*There are potentially slight spoilers ahead, depending on your definition of “spoilers.”*
After the 11-chapter epic that brought us the Court of Owls, it’s hard to believe Scott Snyder, Greg Capullo and the rest of the Bat Family creative teams were able to cram so much story into “Death of the Family” in just five short months (with most titles getting 1-2 tie-in issues at most). Like the “Night of the Owls” before it, the only required reading was Batman and it ended where it all started in issue 17 of one of DC’s hottest titles. Did it payoff?
It would have been easy to kill the Joker or Alfred or to maim one of the Family. That’s probably what most people were expecting to happen. Joker was going to do something heinous and not everyone was going to make it out alive. In a somewhat unexpected move (semi spoiler alert), the Joker’s “demise” is no more permanent than in any other story and nobody dies. Everyone (including the Bat King’s Jester) survives, but not exactly intact.
After some amazing dialogue between Batman and Joker while the Family fights for their lives, we’re treated to a quiet epilogue not unlike the one with Bruce and Dick at the end of Batman #11. It’s during this scene that the real impact of the story starts to take shape. No, nobody lost an ear, but there’s some real damage done to the Bat Family. In a lot of ways, that’s a worse scenario for the characters. There are some fresh emotional scars on these characters and it won’t be a quick recovery.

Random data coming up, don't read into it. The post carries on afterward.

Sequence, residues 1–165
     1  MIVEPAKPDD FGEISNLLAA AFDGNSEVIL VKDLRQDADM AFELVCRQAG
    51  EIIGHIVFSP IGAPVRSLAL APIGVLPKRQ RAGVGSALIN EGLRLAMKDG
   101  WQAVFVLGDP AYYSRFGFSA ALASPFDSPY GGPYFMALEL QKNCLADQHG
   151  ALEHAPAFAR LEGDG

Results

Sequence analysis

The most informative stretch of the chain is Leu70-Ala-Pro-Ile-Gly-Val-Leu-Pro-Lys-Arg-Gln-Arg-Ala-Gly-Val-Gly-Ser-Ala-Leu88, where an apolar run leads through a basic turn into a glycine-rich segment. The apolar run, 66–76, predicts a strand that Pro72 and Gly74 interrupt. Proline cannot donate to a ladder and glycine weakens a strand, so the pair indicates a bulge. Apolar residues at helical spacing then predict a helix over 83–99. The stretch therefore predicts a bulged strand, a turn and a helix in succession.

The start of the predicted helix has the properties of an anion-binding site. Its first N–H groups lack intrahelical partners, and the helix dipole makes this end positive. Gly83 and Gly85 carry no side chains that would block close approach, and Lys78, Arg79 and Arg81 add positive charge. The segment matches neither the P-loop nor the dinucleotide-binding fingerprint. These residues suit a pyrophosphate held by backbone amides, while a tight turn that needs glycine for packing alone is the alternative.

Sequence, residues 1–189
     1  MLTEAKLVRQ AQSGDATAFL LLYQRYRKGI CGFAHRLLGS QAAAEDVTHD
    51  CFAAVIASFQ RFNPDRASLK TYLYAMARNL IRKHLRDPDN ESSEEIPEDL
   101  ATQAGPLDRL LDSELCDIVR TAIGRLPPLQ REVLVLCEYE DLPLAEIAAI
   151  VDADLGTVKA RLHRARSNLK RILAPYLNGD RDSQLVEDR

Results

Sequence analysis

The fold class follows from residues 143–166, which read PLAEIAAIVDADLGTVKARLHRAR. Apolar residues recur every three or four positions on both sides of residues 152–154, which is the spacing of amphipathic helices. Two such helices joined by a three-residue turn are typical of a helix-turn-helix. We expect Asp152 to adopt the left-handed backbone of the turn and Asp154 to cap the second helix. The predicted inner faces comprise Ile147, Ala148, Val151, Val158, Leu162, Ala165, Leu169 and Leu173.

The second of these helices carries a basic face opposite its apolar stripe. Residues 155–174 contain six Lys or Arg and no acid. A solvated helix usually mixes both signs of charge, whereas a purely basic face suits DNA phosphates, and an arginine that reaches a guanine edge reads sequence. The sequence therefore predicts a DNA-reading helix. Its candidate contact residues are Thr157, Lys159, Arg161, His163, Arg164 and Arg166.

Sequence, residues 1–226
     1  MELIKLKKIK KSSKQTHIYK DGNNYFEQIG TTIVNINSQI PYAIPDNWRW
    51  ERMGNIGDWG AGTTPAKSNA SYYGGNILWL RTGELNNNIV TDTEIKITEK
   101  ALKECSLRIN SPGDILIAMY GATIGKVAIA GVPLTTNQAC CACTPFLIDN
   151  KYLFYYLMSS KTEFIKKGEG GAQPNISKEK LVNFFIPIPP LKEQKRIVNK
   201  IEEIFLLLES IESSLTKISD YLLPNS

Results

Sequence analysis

If you kill the Joker or Red Robin, there’s nothing to stop them from coming back. It’s comics, after all. By crafting a story that leaves the characters with more emotional trauma than physical, Snyder has created a shift in tone that can be much more interesting to watch as it develops than simply another comic book funeral. Luckily, Snyder and Capullo have the support of an excellent team of writers and artists who took to this story extremely well and I can’t wait to see what they all do with their newly broken leads.
And of course there’s the looming threat of the Joker’s return. It won’t be any time soon, but any worries of “What can he possibly do next?” should be put to rest. There’s a lot to love in these pages (Capullo mastering not only the action, but turning in phenomenal work on the talking heads pages, too) and the Joker’s story is anything but over. He’ll be back, reinvented and more than likely with his face intact. Even the Joker got more than he bargained for in the trauma department. A severed face is the least of his problems now.
If the end of this issue is any indication, this very well could be the Death of the Family, at least as we as readers know it to exist. Some of the harsh truths brought to light in this story can’t be forgotten and that, to me, is much more interesting than speculating on how and when the Joker will come back to terrorize the city. There are definitely going to be some people disappointed with the relatively quiet ending to one of the creepiest horror comics I’ve read all year, but for me, it worked incredibly well. I give Batman #17 a perfect 5 out of 5 booby-trapped mutant tiger kittens. The future is anything but bright for Batman, but would we ever have it any other way?